DOHA: The US federal tax reform is expected to add value to Qatar’s investments in the US. Qatar has significant exposure to various asset classes, which are expected to benefit from the sweeping tax overhaul, according to Doha-based investment strategists.
The tax bill passed by republicans in the US Senate is expected to boost profits of corporate. Qatar’s sovereign wealth fund and some family businesses are largely exposed to the US investment industry. Back in 2015, Qatar Investment Authority (QIA) had committed $45bn investment in the US. Recently, QIA announced that it had deployed more than 50 percent of its committed fund.
In the real estate sector, QIA has prioritised its investments. It has also exposure to the US industry, alternative energy and technology. According to information available on public domain, QIA has also extended its portfolio to health sector. Drug and biotechnology companies would be among those benefiting hugely from paying a reduced tax rate.
‘Qatar has significant exposure to US market, especially in the real estate and equity market. Either way both asset classes will benefit from the tax reforms. The reforms will be a boost for the equity investments and other asset classes. And this will add value to Qatari investments over there, Talal Samhouri, Head of Asset Management, Amwal told The Peninsula.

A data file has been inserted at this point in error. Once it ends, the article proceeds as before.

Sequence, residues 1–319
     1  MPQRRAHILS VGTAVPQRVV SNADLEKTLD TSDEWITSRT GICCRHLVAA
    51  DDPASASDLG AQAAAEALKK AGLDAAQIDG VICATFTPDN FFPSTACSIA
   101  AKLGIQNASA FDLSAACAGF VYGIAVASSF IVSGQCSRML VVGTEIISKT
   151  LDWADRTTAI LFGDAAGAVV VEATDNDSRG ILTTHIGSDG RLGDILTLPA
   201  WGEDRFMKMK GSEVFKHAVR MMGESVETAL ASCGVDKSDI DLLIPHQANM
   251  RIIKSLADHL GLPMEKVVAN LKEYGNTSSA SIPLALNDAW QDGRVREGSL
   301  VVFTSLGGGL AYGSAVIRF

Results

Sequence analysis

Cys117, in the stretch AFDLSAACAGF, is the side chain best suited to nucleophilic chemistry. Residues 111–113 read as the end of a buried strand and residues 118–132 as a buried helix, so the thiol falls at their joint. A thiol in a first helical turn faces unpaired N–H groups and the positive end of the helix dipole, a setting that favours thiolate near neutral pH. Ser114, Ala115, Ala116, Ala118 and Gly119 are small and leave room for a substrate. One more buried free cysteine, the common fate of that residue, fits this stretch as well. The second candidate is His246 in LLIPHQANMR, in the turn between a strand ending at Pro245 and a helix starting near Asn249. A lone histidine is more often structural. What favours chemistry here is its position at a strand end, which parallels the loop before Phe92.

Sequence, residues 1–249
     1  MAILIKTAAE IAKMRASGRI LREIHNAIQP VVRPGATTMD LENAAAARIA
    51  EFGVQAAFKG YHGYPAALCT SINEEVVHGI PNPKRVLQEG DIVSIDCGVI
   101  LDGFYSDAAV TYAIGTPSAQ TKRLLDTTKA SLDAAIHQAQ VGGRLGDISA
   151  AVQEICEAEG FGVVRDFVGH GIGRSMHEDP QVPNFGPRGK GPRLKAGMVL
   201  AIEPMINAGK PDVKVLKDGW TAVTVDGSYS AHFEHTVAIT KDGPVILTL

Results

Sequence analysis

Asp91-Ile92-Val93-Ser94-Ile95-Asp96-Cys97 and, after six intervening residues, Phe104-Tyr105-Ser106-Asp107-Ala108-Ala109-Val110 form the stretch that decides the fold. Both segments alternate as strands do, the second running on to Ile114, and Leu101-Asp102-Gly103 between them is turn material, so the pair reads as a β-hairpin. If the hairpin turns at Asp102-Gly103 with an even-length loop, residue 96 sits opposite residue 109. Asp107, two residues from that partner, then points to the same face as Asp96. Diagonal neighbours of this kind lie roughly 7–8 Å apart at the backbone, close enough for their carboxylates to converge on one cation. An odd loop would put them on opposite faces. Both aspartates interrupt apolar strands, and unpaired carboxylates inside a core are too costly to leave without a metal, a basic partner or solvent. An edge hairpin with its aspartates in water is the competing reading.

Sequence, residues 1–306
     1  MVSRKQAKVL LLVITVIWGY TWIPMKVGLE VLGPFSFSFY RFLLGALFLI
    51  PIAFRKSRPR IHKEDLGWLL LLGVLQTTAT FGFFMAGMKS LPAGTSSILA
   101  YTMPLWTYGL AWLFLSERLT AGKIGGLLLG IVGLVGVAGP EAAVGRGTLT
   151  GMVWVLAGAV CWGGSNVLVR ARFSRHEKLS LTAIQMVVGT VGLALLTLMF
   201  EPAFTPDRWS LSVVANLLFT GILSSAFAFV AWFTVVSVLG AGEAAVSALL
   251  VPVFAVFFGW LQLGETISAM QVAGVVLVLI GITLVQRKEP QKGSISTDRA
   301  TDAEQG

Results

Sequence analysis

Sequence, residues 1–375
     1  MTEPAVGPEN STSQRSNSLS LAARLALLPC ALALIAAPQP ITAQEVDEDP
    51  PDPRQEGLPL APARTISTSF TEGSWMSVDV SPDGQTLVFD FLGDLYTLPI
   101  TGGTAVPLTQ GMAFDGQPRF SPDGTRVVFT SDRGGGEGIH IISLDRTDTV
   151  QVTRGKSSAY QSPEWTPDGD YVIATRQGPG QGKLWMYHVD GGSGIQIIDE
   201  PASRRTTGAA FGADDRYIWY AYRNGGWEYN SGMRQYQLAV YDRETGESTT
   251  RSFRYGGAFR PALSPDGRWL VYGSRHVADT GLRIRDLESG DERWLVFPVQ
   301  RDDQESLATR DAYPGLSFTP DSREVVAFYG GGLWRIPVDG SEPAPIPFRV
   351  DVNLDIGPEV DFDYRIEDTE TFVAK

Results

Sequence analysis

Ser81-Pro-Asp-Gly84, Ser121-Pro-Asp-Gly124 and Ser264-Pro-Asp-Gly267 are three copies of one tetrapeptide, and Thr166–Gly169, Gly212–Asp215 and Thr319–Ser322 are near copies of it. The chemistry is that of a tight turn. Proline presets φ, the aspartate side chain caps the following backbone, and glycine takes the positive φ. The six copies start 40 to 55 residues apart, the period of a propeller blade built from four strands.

According to Bank of America Merrill Lynch Research team, of Qatar’s combined sovereign wealth fund, a significant share is in listed strategic foreign stocks. Excluding domestic assets and real estate, BofML believes that QIA’s twothirds of the portfolio could be private equity. Assets managers believe this asset class will benefit from rising equity markets, as higher prices increase the value of the holdings they manage and improve the performance of their funds. ‘The prospective headline cut to the US corporate tax rate from 35 percent to 20 percent is a positive but not as significant as it may look at first sight. Historically, the US corporate sector has enjoyed an effective tax rate closer to 25 percent due to ample scope for deductions. The US Congressional Budget Office believes that the total revenue lost from the US business taxes from the Senate tax bill would be $744bn over 10 years.